The Link between COVID-19 and Depression
There is no doubt that depression was already a worldwide epidemic prior to the onset of COVID-19. It is estimated that 350 million individuals around the globe are affected by depression, contributiung to a leading cause of disability. Millions of cases of COVID-19 have been reported around the world. Early in the course of the pandemic, respiratory disease were of the main focus. In the following months and as more and more literature became available we were made aware of more possible complications including the cardiovascular, neurologic, dermatologic, and mental health realms. A population-based analysis of depressive symptoms in the US found a 3-fold increase in symptoms during the COVID-19 pandemic compared to before. Patients with pre-existing mental and physical health conditions as well as low social support and socioeconomic status may also be at particular risk for pandemic-related depression.
The Role of Inflammation
Early evidence that inflammation could precipitate depressive symptoms was first derived from hepatitis patients. Subsequent research has shown that elevated systemic levels of inflammation may play a substantial role in disease progression in patient's with depression. The prior presence of depression may also confer an increased risk for further immune-mediated depressive symptoms due to the increased vulnerability of inflammatory immune activation after psychosocial stress.
Circumstances Places Upon Us
These times of COVID-19 have been a very stressul period for many of us.
Increased psychological stress has been widely documented in response to COVID-19. Personal diagnosis, coming into close contact, or the diagnosis of a close family member/friend have each been associated with elevated stress as well as with increased symptoms of depression. The political measures taken to reduce the spread of the virus no matter what side of the isle you sit on have also been associated with elevated stress levels. In a survey of American adults without prior history of a mental health condition, 15% reported 2 symptoms of psychological distress for at least 3 days in the past week, most commonly the sense of feeling nervous, anxious, or on edge. These symptoms were associated with social media and internet engagement with COVID-19 content. The widespread food and supply scarcity and instability in the economy have also played a significant risk for elevating our levels of psychological stress. Lastly, COVID-19 related restrictions have sparked concern for decreased physical activity. In a recent survey of American adults, people active prior to COVID-19 restrictions reported a 32% reduction in physical activity. Why these are so important to take into consideration is because elevated psychological stress is proposed to induce elevated inflammatory levels. It is also notable that in this report, decreased levels of physical activity correlated with an increase in depressive symptoms. Multiple mechanisms link the COVID-19 pandemic-related psychological stress with an inflammatory response that could promote a state of depression.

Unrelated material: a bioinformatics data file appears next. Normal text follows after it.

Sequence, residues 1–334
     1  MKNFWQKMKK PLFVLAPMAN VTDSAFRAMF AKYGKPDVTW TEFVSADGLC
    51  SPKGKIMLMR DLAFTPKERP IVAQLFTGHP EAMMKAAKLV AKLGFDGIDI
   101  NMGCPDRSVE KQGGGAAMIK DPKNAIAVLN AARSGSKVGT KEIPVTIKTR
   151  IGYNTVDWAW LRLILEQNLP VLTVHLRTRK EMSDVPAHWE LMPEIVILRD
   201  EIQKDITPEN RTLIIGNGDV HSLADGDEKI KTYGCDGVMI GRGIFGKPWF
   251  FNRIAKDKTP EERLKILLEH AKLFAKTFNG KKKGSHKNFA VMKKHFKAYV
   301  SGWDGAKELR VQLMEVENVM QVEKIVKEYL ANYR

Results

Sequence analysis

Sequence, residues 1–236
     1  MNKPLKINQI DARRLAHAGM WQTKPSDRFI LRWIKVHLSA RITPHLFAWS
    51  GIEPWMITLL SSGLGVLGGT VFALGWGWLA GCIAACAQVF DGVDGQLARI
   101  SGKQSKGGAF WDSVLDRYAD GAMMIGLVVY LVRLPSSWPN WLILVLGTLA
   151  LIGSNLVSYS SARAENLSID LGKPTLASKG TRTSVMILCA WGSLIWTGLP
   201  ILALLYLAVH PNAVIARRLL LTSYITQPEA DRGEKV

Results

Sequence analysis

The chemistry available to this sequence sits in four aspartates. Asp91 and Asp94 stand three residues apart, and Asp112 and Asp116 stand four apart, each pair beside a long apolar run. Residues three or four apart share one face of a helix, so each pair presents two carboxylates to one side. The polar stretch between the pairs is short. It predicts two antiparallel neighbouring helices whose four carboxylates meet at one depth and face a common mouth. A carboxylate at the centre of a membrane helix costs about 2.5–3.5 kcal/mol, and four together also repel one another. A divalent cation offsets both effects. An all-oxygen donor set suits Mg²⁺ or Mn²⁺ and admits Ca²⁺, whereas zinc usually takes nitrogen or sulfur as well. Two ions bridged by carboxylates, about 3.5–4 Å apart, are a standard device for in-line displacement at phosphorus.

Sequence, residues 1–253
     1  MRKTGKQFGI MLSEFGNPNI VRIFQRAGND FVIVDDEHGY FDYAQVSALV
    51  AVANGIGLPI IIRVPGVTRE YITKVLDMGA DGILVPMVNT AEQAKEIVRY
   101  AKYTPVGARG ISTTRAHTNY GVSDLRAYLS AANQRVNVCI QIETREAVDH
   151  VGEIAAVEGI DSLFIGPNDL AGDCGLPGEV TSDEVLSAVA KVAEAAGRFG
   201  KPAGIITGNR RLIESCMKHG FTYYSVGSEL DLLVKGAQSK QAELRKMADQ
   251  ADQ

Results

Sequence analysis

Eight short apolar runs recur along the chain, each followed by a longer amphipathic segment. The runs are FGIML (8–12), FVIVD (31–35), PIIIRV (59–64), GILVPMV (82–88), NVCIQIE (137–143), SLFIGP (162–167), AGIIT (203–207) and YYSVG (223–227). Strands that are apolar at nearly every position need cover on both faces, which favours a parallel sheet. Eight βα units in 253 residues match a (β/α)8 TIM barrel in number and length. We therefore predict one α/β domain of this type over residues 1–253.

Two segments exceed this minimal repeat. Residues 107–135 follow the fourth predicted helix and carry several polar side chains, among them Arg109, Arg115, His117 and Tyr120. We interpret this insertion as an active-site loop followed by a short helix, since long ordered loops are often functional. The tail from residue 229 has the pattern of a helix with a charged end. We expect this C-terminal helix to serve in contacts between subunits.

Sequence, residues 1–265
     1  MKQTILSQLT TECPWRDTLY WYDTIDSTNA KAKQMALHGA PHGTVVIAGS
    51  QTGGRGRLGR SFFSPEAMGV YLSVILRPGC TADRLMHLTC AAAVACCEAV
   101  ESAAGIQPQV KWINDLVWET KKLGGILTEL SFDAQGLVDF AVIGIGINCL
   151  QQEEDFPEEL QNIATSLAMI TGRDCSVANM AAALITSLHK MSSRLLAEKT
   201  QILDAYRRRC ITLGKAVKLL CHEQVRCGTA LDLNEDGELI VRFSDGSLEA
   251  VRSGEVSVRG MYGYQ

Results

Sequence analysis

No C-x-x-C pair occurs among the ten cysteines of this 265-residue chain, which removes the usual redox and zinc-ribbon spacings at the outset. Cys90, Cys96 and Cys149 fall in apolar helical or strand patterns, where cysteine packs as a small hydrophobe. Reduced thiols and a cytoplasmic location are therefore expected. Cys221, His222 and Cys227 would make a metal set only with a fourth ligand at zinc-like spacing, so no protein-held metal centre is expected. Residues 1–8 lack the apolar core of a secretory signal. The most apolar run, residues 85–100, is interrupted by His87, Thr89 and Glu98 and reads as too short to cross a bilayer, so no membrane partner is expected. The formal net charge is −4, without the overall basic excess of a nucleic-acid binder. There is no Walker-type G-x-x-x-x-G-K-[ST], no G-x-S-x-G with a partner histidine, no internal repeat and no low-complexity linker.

So What Can We Do?
Physical activity has been shown to be an effective therapy for unipolar depression, with a benefit comparable to antidepressants and psychotherapy. Physical activity is thought to positively affect multiple aspects of immune function, including but not limited to suppressing the effects on inflammation. Though exercise by its very nature induces a transient elevation in inflammatory markers it is also accompanied by a decrease in something called TNFα, which displays an overall protective effect on our neurons, leading to a net anti-inflammatory effect. An increased consumption of “comfort foods” has also been reported in response to COVID-19. In this survey they found that unhealthy inflammatory dietary choices were driven in part by a desire to alleviate poor mental health. This now makes for a perpetual cycle of an increased risk for depression due to the link between higher levels of inflammation and mental health disorders as we discussed prior. Promoting dietary patterns rich in whole foods and low in refined carbohydrates, fast foods, sugary beverages, and processed meats have demonstrated a decrease in depressive symptoms as well as in lowering the inflammatory burden. As a whole, data suggest that dietary and lifestyle changes may play a noteworthy component in the management of increased inflammatory and psychological stress levels of COVID-19 ultimately leading to a potential reduction in depressive symptoms.
Perlmutter, Austin. “Immunological Interfaces: The COVID-19 Pandemic and Depression.” Frontiers in neurology vol. 12 657004. 23 Apr. 2021, doi:10.3389/fneur.2021.657004